• How can we use language to best reflect the impression / intentions of the image?

To support other organizations in doing this work, Cooper Hewitt published Guidelines for Image Description, a document developed by our friends Sina Bahram, from Prime Access Consulting, and Anna Chiaretta Lavatelli, an independent museum professional and advocate. We hope this resource may serve as a starting place and support those who, like us, hope to center on inclusion.

Work in Community

At Cooper Hewitt, we’ve learned that improving accessibility and inclusion happens most effectively when they are shared values rooted in the ethos and culture of the museum—and when they are something everyone actively participates in. So, for our project to be successful, we needed to build a community of practice around it.

Typically, image description authoring is done in isolation, where one sits with images and describes. In most instances, visual descriptions are the responsibility of communications or digital staff members who input descriptions or “alt” text directly when editing web content. Instead of this, we wanted to embrace a creative and collaborative method centered on the act of gathering (for the time being, virtually) together.

This was essential for a few reasons. First, our once in-person team was working at a distance and we knew it was important to bring people together to engage meaningfully with our collection. We wanted to create space to gather together regularly and to do so specifically in a context that was generative and mission-driven. During bi-weekly project meetings, we discussed, asked questions, and determined a workflow for reviewing and approving descriptions to ultimately be published on the museum’s website.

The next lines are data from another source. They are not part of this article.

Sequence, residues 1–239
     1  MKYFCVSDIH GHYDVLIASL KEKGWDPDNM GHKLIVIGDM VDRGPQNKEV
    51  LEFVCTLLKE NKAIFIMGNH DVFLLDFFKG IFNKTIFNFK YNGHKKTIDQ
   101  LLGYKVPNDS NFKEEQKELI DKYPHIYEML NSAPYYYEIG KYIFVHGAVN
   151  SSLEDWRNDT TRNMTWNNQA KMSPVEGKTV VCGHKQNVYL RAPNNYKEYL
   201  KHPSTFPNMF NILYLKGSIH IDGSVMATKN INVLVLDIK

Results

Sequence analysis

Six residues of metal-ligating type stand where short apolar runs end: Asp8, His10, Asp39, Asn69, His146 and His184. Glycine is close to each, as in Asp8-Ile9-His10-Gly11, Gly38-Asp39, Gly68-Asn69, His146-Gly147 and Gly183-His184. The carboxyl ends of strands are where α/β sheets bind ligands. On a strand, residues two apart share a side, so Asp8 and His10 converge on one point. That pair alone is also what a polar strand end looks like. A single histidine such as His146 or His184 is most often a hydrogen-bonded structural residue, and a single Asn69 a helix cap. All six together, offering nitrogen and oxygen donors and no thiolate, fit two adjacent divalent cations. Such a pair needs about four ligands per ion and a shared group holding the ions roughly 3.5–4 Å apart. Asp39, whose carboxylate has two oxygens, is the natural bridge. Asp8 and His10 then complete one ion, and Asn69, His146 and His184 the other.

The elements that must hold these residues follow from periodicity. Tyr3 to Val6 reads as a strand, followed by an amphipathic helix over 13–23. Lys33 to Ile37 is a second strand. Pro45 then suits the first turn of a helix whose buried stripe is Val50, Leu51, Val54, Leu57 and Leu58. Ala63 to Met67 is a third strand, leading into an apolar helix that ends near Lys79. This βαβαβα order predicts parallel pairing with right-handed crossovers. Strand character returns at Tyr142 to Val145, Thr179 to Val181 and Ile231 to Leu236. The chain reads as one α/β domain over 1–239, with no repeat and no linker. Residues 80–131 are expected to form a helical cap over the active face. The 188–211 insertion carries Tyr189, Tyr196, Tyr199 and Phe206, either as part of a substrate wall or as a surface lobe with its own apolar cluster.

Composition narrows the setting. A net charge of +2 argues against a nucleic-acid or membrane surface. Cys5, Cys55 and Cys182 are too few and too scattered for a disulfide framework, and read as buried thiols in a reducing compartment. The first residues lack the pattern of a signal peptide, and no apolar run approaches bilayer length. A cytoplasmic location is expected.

Additionally, we recognized that descriptions are inherently enriched through discussion—more perspectives offer deeper understanding of images. We leveraged the diversity of expertise within our team. Anyone, no matter their designated role at the museum, brought valuable insight to the experience of an image and the resulting descriptions offered nuance and layered understandings that were well-balanced and informed by various points-of-view.

Our gatherings also kept (and continue to keep) us fueled and motivated to do the work. We held each other accountable, and we practiced what it meant to create a safe dialogue around challenging topics, to learn and work through them as a group. We welcomed sharing, debating, and questioning; we embodied a collective learning mindset in which we could work through problems together.

We worked through some hard questions, such as:

  • What word choice feels right?
  • What are we assuming?
  • How do we describe what is ambiguous to us?
  • How much design vocabulary is meaningful to include?
  • What are we prioritizing in the hierarchy of an image?

Each week, we brought objects to the group that posed difficulty and crowdsourced their descriptions. During an early gathering, for instance, a member of our visitor experience team brought an image of a nineteenth-century Japanese scribe’s box for discussion. The box had an inlaid pattern that was straightforward, but its construction and interior components were difficult to comprehend from the image. Immediately, a member of our digital team rummaged through her apartment and found several of the pieces from her own scribe’s box—an artifact from her studies abroad. She continued to articulate each part, describing the materiality and intended uses, and the group drafted a description accordingly.